More speculation followed. In 1955, the American astronomers Frank Whipple and Donald Menzel2 argued that the Venusian atmosphere might be rich in ice crystals which would not show up spectroscopically. For them, Venus was a world completely covered by a carbonated ocean – a globe-encircling seltzer sea. Any protruding land masses, they claimed, would have removed most of the carbon dioxide from the atmosphere and fixed it in the rocks in the form of carbonates (as has happened on our own world). Encouraged by this vision of a planet-wide Pacific, it became fashionable to speculate on a world inhabited by marine organisms, similar perhaps to those which existed on Earth in the Cambrian era, 500 million years ago. Isaac Asimov gave the aqueous theory center stage in his 1954 novel Lucky Starr and the Oceans of Venus.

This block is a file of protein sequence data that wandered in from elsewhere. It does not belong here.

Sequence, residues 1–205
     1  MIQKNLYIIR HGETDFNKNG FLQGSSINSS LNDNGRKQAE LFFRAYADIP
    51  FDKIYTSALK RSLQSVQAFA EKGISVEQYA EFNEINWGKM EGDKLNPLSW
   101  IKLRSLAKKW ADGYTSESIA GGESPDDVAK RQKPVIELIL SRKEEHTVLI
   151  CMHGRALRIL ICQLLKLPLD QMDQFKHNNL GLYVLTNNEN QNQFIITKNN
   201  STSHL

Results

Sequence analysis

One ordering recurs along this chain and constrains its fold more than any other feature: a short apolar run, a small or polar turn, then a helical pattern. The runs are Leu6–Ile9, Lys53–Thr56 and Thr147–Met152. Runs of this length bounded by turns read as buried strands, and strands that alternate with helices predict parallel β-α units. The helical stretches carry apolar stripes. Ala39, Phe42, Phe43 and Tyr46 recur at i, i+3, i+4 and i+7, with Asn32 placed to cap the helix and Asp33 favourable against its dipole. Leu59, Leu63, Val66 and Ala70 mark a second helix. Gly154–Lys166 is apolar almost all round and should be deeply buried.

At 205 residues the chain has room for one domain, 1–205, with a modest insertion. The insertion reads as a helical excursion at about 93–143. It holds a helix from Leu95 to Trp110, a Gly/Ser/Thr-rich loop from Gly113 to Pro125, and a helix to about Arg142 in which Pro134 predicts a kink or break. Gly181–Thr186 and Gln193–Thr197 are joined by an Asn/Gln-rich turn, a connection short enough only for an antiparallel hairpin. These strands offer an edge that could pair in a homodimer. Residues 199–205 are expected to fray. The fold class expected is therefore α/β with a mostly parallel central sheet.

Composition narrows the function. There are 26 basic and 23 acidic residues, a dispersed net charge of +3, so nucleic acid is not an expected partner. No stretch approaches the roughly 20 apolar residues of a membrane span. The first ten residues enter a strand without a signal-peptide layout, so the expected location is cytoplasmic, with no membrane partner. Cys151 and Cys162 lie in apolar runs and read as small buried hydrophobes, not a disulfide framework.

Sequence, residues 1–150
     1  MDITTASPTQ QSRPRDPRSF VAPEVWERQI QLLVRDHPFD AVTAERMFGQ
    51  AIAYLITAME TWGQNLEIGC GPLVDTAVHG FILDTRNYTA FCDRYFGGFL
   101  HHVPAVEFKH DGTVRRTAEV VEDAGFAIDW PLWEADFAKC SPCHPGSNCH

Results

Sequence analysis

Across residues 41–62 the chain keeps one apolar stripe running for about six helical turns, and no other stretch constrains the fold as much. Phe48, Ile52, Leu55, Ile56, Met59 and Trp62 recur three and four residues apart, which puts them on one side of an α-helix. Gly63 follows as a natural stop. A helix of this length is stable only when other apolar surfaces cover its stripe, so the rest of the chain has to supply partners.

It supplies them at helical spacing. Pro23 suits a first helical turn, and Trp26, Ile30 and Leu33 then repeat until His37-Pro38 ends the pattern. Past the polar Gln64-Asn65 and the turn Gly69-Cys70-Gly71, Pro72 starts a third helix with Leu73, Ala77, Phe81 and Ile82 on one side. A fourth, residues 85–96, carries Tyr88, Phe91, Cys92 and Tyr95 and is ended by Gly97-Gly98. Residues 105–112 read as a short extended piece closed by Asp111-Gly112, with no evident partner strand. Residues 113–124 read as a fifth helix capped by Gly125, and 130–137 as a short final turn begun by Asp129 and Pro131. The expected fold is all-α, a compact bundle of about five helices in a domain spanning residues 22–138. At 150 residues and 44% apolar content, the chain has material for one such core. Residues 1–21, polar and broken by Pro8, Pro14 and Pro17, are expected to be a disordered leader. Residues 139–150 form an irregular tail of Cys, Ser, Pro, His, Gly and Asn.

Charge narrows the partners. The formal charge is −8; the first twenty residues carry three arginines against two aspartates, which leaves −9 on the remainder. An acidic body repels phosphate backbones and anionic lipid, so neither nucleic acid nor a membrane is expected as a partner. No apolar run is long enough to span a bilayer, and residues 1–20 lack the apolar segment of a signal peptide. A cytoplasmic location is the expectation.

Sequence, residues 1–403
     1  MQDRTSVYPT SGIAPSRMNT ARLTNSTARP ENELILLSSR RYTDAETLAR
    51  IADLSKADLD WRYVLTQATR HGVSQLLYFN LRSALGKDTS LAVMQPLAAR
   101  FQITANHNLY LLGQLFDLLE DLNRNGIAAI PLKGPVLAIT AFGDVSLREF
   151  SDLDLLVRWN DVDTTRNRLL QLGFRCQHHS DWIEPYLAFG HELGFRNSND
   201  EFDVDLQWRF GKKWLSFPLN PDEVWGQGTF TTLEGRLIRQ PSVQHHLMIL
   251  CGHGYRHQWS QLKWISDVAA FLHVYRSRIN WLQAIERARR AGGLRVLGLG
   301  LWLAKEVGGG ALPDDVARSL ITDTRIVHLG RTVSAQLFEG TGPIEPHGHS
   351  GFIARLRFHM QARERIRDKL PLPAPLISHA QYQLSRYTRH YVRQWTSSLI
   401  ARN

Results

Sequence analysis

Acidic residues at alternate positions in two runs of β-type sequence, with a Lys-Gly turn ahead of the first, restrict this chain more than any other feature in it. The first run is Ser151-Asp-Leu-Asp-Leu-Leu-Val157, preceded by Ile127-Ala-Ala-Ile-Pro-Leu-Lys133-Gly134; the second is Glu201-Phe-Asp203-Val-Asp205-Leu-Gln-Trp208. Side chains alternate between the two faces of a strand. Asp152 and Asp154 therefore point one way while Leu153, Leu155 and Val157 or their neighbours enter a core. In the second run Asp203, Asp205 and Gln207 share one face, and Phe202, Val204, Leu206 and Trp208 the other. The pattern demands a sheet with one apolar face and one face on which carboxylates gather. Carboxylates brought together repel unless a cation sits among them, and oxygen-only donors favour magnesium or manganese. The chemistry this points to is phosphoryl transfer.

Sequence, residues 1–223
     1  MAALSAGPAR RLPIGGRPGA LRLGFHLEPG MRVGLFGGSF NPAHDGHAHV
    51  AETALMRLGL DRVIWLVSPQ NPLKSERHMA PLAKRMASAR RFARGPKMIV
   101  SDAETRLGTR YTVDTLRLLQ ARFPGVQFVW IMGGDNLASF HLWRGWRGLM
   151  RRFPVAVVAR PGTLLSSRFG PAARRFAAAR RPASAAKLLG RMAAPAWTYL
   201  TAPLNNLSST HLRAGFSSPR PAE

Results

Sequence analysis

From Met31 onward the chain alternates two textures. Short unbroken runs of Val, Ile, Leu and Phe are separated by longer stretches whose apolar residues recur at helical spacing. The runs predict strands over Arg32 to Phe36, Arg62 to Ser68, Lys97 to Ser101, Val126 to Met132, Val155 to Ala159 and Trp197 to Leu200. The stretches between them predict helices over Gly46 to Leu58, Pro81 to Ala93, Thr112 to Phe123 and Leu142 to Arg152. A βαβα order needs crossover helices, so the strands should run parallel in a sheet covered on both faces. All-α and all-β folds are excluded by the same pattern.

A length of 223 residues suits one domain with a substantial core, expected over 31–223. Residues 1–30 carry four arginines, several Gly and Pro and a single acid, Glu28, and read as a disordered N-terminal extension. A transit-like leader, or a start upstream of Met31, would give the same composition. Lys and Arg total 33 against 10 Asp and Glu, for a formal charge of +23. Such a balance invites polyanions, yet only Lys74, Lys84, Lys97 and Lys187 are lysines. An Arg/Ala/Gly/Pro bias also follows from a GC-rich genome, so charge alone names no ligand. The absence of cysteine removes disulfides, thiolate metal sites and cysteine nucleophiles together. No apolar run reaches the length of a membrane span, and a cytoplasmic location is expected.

Yet any hopes of finding even a puddle of surface water on Venus, let alone antediluvian life, quickly evaporated in the late 1950s and early 1960s. Measurements, first from radio telescopes on the ground, and later from spacecraft on flyby missions, revealed that, far from being balmy, the Venusian climate is hostile in the extreme. Astronomers had previously thought that much of the extra heat arriving at Venus because of its proximity to the Sun would be reflected back into space by the enveloping white clouds. But it soon became clear that this is not the case. The dense carbon dioxide atmosphere, 90 times thicker than Earth's, creates a runaway greenhouse effect which traps the Sun's radiation and drives the surface temperature up to around 600°C, easily hot enough to melt lead – or fry flesh. Far from being a haven for life, Venus is a planet from hell. See Venus, atmosphere.


Life after all?